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Sunny Side of the Pothole-Ridden Street

A note for those of us who aren’t tourists, and even those who are.



To many a tourist, New Orleans is the land that care forgot. Visitors can escape their daily grind and immerse themselves in our peculiar celebrations and culture that make us stand out from the rest of America. Our culture is a major contributing factor to our success in the tourism and hospitality industry.

From a local’s perspective, however, sometimes it’s hard to hold on to that appreciation of our uniqueness. We have some real challenges that create a whirlwind of doubt as to whether the good outweighs the bad, and fear that we might not be able to fix anything. Hurricanes have little to do with it. Well, until they do.

Crime is a fact of life here. You sort of accept that you will be the victim of a crime, and you just hope that it isn’t a violent one and that you and your loved ones will be safe when it happens. For so many people, that isn’t the case. So, when your car is stolen in the middle of the day on Sunday from the Audubon Zoo parking lot, you shrug and say, “At least we weren’t carjacked. At least we didn’t have guns pointed at us.”

Our infrastructure is a failing behemoth. We plan for power outages on sunny days. We know the exact lowering in the water pressure in our morning shower that means a boil water advisory will be issued approximately two hours after that shower. We know which streets are under construction, a good thing, but we also take bets as to how long the project will be delayed, and what they will get wrong and have to come back out to redo after the work is “complete.” And while we have a healthy respect for the potential damage a hurricane can bring, it’s a 20-minute rain event that truly frightens us. With its unpredictability, we dread flooded cars and flooded homes.

Incomes aren’t keeping up with the cost of living. Many of our culture bearers can’t find affordable housing. Many of our supposedly middle class families can’t find it either. Our public school system is still finding its way, failing thousands of children in the meantime, and we are terrible drivers. So, when you leave the grocery store and find that your new car, which you were forced to buy after your previous car was stolen, was hit by someone who can’t back out of a parking space properly, you shrug and say, “At least it was the plastic part. At least it won’t rust.”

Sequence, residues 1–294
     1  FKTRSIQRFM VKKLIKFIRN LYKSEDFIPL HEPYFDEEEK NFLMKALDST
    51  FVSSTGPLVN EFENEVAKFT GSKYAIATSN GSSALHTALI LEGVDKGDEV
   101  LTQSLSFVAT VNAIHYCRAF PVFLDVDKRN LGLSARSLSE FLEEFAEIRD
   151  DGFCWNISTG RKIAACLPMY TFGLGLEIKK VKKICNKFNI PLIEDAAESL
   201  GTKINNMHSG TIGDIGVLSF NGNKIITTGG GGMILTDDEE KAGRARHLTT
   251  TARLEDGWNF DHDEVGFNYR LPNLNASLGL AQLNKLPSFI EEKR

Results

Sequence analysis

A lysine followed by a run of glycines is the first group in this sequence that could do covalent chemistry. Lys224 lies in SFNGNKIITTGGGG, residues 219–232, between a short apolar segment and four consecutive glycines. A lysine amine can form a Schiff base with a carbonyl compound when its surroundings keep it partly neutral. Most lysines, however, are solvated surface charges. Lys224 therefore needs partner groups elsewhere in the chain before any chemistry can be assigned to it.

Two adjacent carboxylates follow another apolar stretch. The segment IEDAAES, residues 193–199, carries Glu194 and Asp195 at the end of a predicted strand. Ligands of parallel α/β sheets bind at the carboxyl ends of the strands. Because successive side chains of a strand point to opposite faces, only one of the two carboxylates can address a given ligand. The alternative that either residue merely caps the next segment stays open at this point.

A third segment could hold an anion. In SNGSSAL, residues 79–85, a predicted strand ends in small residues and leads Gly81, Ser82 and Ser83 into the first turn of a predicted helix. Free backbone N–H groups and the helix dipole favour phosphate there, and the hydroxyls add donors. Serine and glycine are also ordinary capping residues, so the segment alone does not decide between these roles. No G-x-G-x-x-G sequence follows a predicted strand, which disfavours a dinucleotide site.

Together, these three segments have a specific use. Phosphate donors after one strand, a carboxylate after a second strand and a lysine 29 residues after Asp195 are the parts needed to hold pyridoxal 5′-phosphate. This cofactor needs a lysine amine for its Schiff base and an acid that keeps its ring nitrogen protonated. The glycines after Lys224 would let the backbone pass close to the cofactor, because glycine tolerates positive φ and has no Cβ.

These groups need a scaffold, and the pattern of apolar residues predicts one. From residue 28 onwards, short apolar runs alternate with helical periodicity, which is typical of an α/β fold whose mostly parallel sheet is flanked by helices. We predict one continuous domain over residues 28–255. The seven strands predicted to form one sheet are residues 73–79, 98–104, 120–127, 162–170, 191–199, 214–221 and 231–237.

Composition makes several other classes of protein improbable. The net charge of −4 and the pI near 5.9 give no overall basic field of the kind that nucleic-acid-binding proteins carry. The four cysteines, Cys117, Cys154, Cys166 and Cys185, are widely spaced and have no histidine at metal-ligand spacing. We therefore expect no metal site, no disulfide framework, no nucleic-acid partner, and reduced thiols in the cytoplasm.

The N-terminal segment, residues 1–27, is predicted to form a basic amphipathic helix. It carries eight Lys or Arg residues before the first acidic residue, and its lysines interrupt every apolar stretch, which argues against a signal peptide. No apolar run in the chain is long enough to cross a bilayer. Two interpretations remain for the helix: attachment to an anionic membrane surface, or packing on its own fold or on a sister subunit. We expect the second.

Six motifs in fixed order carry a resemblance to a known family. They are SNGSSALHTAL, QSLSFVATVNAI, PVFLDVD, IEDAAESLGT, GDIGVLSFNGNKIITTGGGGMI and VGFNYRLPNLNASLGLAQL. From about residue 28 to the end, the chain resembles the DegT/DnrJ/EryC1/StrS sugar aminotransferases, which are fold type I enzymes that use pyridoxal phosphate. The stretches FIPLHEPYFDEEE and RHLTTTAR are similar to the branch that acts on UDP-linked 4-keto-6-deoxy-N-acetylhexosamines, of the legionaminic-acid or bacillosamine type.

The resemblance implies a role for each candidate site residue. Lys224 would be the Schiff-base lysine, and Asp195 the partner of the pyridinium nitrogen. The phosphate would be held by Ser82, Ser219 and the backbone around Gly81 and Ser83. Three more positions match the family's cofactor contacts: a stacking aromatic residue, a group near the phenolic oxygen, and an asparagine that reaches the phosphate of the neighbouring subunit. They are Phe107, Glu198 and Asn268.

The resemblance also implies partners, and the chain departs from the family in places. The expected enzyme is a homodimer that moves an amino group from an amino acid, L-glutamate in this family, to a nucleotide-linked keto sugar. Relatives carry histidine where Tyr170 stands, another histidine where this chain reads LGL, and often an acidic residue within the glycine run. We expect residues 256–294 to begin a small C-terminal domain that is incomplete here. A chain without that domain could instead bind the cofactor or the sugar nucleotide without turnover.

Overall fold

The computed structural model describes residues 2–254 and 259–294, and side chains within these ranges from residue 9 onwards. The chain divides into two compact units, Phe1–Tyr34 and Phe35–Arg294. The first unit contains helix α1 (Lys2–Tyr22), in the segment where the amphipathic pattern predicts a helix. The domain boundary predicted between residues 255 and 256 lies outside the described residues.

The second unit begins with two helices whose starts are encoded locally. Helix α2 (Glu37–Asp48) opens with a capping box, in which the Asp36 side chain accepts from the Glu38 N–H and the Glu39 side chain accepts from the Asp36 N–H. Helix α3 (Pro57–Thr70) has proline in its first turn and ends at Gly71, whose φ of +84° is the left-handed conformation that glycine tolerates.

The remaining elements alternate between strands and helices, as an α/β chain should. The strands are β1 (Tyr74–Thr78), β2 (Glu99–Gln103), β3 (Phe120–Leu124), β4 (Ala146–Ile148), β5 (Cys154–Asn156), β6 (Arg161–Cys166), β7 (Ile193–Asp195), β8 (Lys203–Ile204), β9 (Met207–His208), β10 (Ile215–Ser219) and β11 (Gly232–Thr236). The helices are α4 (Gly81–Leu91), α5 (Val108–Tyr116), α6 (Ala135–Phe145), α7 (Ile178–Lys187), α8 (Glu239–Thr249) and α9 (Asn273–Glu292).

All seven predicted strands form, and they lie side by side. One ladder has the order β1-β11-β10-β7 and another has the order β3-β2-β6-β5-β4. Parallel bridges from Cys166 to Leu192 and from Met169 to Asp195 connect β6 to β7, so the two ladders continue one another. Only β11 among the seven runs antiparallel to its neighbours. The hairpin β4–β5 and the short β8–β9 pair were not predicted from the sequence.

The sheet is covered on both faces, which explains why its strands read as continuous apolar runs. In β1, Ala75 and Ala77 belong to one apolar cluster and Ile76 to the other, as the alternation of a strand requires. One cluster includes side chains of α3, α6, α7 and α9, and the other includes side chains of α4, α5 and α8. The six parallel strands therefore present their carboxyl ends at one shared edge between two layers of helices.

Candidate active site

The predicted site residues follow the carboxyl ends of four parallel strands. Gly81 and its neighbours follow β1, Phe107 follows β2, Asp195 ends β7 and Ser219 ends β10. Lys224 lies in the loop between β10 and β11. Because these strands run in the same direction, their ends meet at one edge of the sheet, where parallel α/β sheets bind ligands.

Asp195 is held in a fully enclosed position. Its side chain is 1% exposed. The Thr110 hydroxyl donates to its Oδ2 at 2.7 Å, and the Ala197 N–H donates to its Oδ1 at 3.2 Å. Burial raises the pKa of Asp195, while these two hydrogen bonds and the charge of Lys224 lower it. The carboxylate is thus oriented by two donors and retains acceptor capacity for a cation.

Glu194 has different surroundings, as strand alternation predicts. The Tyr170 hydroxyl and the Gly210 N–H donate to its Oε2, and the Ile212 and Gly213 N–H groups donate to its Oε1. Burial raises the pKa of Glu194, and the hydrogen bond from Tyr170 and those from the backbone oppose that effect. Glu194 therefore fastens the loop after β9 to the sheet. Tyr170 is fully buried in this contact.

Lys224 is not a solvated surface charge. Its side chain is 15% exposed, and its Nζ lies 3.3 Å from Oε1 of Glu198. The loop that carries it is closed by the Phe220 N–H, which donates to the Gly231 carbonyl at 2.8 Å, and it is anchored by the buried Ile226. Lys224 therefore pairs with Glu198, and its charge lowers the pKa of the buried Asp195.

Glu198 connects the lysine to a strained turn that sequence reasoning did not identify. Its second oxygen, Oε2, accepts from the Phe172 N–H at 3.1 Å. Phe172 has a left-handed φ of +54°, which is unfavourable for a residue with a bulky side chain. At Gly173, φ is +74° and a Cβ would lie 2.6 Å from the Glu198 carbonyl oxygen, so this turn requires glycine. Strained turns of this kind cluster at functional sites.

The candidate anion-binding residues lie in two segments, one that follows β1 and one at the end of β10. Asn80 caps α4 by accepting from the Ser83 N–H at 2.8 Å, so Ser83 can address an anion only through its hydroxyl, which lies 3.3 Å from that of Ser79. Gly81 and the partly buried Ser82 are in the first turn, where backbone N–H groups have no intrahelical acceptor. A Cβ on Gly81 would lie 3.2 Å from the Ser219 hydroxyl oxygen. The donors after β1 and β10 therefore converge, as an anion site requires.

Then there’s racism. And classism. And homophobia. And a dozen other institutionalized prejudices that make life challenging depending on who you are as a human being. Most of those are nationwide, but a few have particular histories and realities in New Orleans.

What do we do when we aren’t in New Orleans on vacation? What do we do when we live here because our family has always lived here, or we have chosen to live here because for some unknown reason, it is home when nowhere else can be? Well… we use our culture to remind ourselves that we have each other.

We don’t go see live music in a room alone. We don’t eat exquisite meals or down home cooking entirely alone. And one person dancing down the street does not make a parade. We come together to affirm that we are in this together and often do so wearing a costume, or at least a Saints jersey.

Where will I be this Saturday, Aug. 25? I’ll be dancing up Carrollton Ave. with my dance troupe in the Krewe of O.A.K.’s Mid-Summer Mardi Gras parade. We roll from the Maple Leaf Bar at 8316 Oak St. around 7 p.m. Come on out and let’s show the tourists that we aren’t the city that care forgot, rather, we are the city that knows how to keep it all in perspective.

 

 

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Tourism Biz

Tourism with Jennifer Schecter

About

Once a tourist in New Orleans herself, Jennifer Gibson Schecter is proud to call NOLA home. Prior to New Orleans, she wrote for publications in the Midwest and New York City. She advises travelers to ask their cab/pedicab/gondola driver where their favorite restaurant is and to eat there.

 

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